Succeeding With a Lack of Structure: Tips for Working On Your Own (Part 2)

By Alan Brown 

In the last issue of the ADDA eNews, I described a benefit of working in a corporate or group environment; the inherent structure that provides an external scaffolding. ADHDers often lack a strong internal sense of structure. As a result, working at home or independently can be a real challenge.

Without the “safety net” of an external workplace structure (e.g., a boss keeping us accountable or a team member providing the occasional timely nudge), we must build our OWN external structures to compensate for those we lack inwardly.

Let’s take a look at the second in a series of four specific structural deficiencies along with some ways you can build your own structures. Even if you’re employed in an environment with a boss who keeps you on your toes and plenty of support staff, these tips will boost your productivity.

Lacking Structure in…Time and Memory:

Within corporate and group environments there’s always someone who will remind you of a meeting or a due date. Not so at your home office where you’re at the mercy of a dysfunctional sense of time and weak working memory.

Build Your Own Structure:

ReminderLet’s assume you’re already using a planner of some sort. (If you’re not, GET ONE – it’s the sine qua non of time and memory management!) The question is this: Are you using said planner to provide as much external structure as possible? If not, consider re-configuring your approach. For example:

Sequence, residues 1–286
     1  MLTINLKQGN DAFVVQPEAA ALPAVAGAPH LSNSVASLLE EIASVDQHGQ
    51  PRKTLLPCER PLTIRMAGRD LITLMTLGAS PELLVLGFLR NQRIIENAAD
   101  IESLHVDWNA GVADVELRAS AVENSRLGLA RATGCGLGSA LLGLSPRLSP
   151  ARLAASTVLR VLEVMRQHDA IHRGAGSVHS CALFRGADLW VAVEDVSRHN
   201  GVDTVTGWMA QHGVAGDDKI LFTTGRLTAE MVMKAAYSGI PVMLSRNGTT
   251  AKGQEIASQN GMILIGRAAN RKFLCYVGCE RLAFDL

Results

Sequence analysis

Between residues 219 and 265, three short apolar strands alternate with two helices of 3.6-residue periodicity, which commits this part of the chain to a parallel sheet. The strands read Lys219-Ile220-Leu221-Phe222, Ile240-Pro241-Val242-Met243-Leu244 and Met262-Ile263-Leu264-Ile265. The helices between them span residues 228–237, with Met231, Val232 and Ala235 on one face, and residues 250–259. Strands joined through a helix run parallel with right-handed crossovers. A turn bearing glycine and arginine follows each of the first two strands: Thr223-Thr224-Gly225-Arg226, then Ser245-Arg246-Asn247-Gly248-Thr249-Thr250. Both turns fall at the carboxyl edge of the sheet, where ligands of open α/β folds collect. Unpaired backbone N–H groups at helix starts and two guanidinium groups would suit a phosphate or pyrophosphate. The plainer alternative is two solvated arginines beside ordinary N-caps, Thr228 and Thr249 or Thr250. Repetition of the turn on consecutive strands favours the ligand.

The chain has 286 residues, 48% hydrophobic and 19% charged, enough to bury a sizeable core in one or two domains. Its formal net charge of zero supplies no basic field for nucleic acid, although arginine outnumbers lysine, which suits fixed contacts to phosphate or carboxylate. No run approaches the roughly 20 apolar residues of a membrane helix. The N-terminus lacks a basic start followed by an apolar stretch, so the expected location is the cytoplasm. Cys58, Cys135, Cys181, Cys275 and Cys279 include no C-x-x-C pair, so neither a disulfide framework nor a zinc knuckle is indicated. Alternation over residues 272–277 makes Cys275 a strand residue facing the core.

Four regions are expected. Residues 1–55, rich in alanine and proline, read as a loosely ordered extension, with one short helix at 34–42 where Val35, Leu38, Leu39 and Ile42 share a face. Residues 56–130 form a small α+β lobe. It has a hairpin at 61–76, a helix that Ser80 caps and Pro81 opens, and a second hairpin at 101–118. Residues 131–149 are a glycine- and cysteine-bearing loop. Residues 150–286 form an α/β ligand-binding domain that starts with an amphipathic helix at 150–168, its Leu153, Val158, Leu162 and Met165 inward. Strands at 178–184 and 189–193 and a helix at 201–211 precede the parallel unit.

• Use Outlook or another calendar software to set alarms/alerts like crazy – this means setting an alarm to ring at least 15 minutes prior to every event – for everything you need to remember.
  • For every call or meeting scheduled with an auto-alert 15 minutes prior, create an ADDITIONAL calendar entry a couple of hours before the call/meeting called “PREP MEETING w/BOB.” This builds in an additional nudge for readiness, and allows you a break to plan and focus on what you want to talk about.
  • Schedule time in your planner to PLAN – a set time every morning, even if just five or ten minutes, to look at the day and week ahead.
  • If you’re using an electronic (versus physical, paper-based) planner, make sure it is regularly synced automatically across all your devices. You need ONE calendar/planner/list…not five. There are few things worse for the unstructured ADHD brain than the chaos of several different calendars/lists saying different things.

Remember: even if you’re working in a well-structured office environment, implementing these tips will take your game up a notch.

Start structuring!

 

Alan Brown, creator of the acclaimed ADD Crusher™ videos, was undiagnosed until adulthood and coping with chronic underachievement, substance abuse and worse. Upon diagnosis, he struggled to learn coping strategies from books, so he developed his own strategies. He is also co-author of best-selling 365+1 Ways to Succeed with ADHD.

 

 

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